**Chapter
6 Glossary**

**sensitive****, sensitivity: **a
measure's ability to detect differences among participants on a given variable.
(p. 197)

**ceiling effect: **The effects of the treatment or combination
of treatments is underestimated because the dependent measure places too low a
ceiling on what the highest response can be. (p. 204)

**floor**** effect: **the effect of a
treatment or combination of treatments is underestimated because the dependent
measure is not sensitive to values below a certain level. In other words, the
"floor" for low scores is too high. (p. 204)

**nominal**** scale numbers: **numbers
that substitute for names. Different numbers represent *different *types,
kinds, categories, or qualities, but larger numbers do __not__ represent more of a quality than smaller
numbers. (p. 207)

**ordinal**** scale numbers: **numbers
that can be meaningfully ordered from lowest to highest. With ordinal numbers, we
know that the higher scoring participant has *more *of a quality than the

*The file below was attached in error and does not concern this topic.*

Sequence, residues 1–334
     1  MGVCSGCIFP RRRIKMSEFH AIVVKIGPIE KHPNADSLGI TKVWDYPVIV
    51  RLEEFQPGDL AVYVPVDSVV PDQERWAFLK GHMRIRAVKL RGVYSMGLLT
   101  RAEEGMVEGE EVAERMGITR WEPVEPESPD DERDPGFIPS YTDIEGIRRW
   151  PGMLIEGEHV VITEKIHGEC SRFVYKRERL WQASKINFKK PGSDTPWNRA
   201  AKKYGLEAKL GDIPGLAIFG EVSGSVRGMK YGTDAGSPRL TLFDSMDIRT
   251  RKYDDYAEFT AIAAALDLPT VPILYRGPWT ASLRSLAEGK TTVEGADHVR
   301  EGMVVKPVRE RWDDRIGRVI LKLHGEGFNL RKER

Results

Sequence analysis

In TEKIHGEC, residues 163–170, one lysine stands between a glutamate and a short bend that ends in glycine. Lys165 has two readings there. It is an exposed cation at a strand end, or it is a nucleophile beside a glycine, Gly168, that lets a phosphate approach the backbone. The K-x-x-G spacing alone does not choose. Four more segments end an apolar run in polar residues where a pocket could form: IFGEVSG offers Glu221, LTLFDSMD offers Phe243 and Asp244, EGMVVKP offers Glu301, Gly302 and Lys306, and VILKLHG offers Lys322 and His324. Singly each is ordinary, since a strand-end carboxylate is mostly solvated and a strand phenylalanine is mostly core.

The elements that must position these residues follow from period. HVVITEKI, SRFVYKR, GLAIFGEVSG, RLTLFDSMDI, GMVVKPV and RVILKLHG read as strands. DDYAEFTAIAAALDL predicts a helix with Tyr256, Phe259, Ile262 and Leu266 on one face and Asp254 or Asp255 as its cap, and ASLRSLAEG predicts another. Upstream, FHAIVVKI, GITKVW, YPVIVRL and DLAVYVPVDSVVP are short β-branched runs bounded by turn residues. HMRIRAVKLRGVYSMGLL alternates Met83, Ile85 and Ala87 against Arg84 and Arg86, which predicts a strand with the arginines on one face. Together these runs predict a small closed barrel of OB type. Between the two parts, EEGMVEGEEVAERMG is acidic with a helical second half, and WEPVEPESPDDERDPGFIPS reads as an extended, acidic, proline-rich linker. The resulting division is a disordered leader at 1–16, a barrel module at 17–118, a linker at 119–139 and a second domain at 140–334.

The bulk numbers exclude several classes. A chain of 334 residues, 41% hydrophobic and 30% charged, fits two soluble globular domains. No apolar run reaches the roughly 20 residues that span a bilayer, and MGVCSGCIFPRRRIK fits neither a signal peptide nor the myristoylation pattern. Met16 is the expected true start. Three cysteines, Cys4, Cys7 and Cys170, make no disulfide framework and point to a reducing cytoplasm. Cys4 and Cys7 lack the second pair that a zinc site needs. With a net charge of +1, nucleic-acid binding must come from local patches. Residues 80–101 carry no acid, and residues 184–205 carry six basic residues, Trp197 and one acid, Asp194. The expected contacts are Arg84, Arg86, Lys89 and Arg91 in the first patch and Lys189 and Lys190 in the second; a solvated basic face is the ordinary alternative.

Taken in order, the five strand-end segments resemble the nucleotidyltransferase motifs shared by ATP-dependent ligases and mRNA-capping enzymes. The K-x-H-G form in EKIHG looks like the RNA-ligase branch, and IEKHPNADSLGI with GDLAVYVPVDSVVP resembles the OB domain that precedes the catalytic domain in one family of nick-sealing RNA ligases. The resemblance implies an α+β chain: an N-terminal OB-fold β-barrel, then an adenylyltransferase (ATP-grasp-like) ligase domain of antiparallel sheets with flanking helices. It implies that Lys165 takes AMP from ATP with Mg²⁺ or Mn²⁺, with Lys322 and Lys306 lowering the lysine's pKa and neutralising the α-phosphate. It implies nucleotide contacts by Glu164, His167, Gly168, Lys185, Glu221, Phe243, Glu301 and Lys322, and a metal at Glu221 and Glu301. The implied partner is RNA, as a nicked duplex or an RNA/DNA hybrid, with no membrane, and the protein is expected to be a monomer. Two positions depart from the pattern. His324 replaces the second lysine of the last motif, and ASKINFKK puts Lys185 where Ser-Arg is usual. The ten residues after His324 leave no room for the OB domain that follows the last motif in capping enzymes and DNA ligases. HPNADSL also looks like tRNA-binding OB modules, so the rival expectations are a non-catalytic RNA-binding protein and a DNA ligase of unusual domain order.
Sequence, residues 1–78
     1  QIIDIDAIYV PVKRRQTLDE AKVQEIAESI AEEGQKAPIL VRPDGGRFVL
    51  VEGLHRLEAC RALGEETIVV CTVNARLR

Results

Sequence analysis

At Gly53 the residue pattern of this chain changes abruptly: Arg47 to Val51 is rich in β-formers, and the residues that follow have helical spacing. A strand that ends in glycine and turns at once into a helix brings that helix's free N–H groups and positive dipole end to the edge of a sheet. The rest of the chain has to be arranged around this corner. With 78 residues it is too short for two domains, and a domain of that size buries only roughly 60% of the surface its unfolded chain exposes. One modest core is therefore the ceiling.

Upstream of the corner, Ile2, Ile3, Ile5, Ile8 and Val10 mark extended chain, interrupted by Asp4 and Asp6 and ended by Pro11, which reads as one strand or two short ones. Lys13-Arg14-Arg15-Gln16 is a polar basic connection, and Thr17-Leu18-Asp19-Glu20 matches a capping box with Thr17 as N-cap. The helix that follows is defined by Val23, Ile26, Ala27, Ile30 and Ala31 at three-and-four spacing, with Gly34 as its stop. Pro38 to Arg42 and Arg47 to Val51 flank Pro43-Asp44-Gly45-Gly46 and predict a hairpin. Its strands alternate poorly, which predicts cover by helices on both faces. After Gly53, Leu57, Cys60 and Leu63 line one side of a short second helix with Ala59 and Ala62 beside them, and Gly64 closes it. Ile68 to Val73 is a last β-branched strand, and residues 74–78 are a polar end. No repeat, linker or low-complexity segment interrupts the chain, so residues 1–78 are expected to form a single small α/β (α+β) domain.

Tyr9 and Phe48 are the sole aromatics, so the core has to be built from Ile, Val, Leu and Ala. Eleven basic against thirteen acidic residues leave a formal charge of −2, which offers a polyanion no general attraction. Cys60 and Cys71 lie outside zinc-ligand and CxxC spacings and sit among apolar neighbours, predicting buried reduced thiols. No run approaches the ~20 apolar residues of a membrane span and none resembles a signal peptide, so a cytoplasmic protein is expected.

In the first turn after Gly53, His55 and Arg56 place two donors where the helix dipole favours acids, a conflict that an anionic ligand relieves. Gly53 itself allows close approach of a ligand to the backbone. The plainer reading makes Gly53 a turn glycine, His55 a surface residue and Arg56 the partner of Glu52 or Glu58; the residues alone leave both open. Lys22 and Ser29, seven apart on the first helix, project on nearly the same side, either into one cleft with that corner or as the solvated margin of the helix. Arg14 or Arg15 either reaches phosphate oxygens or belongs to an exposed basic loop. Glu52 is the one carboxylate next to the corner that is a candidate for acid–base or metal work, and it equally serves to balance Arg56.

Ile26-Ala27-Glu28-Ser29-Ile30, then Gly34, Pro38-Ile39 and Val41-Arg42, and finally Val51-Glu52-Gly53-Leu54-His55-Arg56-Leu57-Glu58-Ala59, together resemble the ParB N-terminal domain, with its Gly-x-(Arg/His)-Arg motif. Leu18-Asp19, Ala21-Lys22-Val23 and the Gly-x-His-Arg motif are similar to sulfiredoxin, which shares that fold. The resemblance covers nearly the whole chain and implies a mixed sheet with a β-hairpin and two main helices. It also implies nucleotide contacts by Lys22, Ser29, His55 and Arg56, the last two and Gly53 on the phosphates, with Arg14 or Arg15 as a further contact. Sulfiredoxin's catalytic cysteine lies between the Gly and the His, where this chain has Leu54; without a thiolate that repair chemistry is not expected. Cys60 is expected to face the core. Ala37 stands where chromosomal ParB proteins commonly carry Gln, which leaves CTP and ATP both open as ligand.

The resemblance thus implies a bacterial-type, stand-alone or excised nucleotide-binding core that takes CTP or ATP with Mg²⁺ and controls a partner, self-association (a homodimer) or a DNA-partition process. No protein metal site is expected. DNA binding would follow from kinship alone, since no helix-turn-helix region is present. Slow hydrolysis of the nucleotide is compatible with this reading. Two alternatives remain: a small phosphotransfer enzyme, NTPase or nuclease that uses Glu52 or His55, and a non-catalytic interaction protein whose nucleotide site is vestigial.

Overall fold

lower scoring participant, but we don't know how much more of the quality the
higher scoring participant has. (p. 208)

**interval**** scale data: **data
for which equal numerical intervals represent equal psychological intervals. That
is, the difference between scoring a "2" and a "1" and the difference between
scoring a "7" and a "6" is the same not only in terms of scores (both are a
difference of 1), but also in terms of the actual amount of the psychological
characteristic being measured. Interval scale measures allow us to compare
participants in terms of *how much *of a quality they have. (p. 209)

**ratio**** scale numbers: **numbers
having all the qualities of interval scale numbers, but that also result from a
measure that has an absolute zero (zero on the measure means the complete absence
of the quality). As the name implies, ratio scale numbers allow you to make
ratio statements about the quality that you are measuring (Steve is two *times
as *friendly as Tom). (p. 211)

**face**** validity: **the extent
to which a measure looks valid to the ordinary person. Face validity has nothing
to do with scientific validity. However, for practical or political reasons,
you may decide to consider face validity when comparing measures. (p.220)